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In Geometric complexity theory the following variety $\Delta[\text{det},m]$ is crucial.

Let $X=(x_1,\ldots,x_r)$ be a tuple of $r=m^2$ variables, so that $X$ can be thought of as an $m\times m$ variable matrix, identifying $x_i$'s with the entries of $X$ in any way. By a homogeneous symbolic determinant of size $m$ over $X=(x_1,\ldots,x_r)$, we mean the determinant of a symbolic $m \times m$ matrix, whose each entry is a homogeneous linear function over $K$ of $x_1,\ldots,x_r$. Let ${\cal X}$ be the vector space over $K$ of homogeneous polynomials of degree $m$ in the variables $x_1,\ldots,x_r$, and $P({\cal X})$ the projective space associated with ${\cal X}$. Let $\Sigma[\det,m] \subseteq P({\cal X})$ be the set of all points in $P({\cal X})$ that correspond to nonzero homogeneous polynomials in ${\cal X}$ that can be expressed as homogeneous symbolic determinants of size $m$ over $X$. Then $\Delta[\det,m] \subseteq P({\cal X})$ is the Zariski-closure $\overline{\Sigma[\det,m]}$ of $\Sigma[\det,m]$. Its dimension is $\le m^4$.

Consider $\Delta[\det,m]$ over $\overline{\mathbb{F}_q}$. Consider its zeta function $\zeta(s)$.

By Dwork's theorem $\zeta(s) = \frac{p(s)}{q(s)}$ for some polynomials $p$ and $q$.

My question: Is it true that $\deg(p)$, $\deg(q) \le 2^{poly(m)}$?

If $\Delta[\det,m]$ were smooth, it would follow from Weil's conjectures. However, $\Delta[\det,m]$ is not even normal on $\mathbb{C}$.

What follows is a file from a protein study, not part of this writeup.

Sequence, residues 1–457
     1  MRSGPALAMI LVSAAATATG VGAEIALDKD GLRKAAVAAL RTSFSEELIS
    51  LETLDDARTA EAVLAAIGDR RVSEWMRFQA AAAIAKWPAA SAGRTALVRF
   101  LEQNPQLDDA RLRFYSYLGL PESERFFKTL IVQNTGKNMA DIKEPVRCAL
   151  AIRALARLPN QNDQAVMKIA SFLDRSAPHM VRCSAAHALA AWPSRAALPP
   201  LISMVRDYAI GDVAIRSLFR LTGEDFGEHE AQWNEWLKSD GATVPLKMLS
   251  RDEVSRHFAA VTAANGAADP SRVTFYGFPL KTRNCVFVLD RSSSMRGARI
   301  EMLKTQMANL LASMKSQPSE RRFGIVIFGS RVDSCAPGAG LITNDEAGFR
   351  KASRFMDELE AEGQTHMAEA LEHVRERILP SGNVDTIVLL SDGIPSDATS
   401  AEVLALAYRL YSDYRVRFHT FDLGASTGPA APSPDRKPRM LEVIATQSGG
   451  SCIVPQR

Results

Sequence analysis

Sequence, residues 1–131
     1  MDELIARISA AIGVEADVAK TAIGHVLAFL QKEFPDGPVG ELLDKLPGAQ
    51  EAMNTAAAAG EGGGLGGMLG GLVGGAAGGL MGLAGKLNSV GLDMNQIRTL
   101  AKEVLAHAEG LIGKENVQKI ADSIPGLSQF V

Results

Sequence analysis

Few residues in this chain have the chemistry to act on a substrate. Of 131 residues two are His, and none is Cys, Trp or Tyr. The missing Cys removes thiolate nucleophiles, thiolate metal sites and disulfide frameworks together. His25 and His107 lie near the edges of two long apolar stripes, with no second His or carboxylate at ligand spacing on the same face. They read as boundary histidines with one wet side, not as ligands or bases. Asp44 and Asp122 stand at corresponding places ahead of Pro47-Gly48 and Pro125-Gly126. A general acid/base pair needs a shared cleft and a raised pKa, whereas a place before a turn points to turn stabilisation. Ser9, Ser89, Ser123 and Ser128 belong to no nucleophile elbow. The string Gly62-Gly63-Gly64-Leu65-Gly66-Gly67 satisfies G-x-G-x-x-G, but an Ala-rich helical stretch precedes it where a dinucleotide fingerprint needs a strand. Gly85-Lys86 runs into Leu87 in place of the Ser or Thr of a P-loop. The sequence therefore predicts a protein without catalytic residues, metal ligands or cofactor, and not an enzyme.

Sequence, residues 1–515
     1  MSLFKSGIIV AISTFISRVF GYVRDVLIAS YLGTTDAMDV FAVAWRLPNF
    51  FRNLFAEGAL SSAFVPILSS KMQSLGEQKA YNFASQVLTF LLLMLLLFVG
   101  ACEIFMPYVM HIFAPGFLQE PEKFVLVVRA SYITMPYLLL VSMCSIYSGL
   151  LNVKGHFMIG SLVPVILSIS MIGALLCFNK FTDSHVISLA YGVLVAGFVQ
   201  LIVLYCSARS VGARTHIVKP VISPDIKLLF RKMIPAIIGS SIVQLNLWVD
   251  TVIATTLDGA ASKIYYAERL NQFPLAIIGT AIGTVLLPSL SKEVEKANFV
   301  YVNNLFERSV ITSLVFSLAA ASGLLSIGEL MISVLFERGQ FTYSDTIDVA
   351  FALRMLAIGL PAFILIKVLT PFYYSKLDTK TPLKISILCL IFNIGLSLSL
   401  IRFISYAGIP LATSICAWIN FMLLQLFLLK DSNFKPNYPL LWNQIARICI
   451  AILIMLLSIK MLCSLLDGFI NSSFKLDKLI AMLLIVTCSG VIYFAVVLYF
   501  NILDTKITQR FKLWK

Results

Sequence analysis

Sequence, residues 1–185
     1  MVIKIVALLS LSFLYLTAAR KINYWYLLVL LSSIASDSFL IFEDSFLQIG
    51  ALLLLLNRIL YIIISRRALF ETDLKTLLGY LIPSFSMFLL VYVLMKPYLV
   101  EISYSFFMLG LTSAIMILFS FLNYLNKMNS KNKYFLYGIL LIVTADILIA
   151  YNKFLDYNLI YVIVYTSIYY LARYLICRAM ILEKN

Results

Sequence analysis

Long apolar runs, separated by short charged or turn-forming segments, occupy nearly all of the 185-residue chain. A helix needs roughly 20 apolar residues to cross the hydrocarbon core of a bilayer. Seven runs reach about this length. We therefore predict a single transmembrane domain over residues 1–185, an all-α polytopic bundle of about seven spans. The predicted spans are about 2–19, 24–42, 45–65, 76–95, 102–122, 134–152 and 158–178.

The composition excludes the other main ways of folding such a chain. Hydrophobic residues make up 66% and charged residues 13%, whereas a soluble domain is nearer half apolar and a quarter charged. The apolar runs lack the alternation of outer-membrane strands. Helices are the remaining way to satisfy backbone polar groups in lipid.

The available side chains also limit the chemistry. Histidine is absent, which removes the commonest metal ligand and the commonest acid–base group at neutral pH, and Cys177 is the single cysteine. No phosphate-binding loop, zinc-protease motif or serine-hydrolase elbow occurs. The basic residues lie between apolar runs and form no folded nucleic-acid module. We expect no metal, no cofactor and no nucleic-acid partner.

UPD: I am sorry I was wrong about my estimation of these degrees if $\Delta[\det,m]$ were smooth.

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  • $\begingroup$ what is poly(m)? $\endgroup$ – Dan Petersen Mar 5 '17 at 10:15
  • $\begingroup$ @DanPetersen some polynomial in $m$. $\endgroup$ – Alexey Milovanov Mar 5 '17 at 10:18
  • $\begingroup$ oh, I see. Then your proof in the case $\Delta[det, m]$ smooth should work just as well in the general case. The only part of the Weil conjecture that fails for singular $X$ is the Riemann hypothesis (i.e. the estimate for the absolute values of the roots of the factors $P_i(T)$ of the zeta function). It is still true for $X$ a singular compact variety that the zeta function is rational and the factors in the factorization have degrees given by the Betti numbers. (If $X$ is not compact then you need to work with the compactly supported Betti numbers.) $\endgroup$ – Dan Petersen Mar 5 '17 at 10:30
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    $\begingroup$ Since you said you already have a proof assuming $\Delta[det,m]$ smooth, I haven't tried to work out what precise bounds you get in this way. But the key is that the degrees of these polynomials are bounded by the sum of the Betti numbers of $\Delta[det,m]$, and these are bounded by the degrees of the defining equations. One reference is a paper by Katz, "Sums of Betti numbers in arbitrary characteristic". $\endgroup$ – Dan Petersen Mar 5 '17 at 10:32
  • $\begingroup$ Also posted to (and answered at) m.se, math.stackexchange.com/questions/2171324/is-delta-det-m-smooth without notice to either site. $\endgroup$ – Gerry Myerson Mar 5 '17 at 10:52

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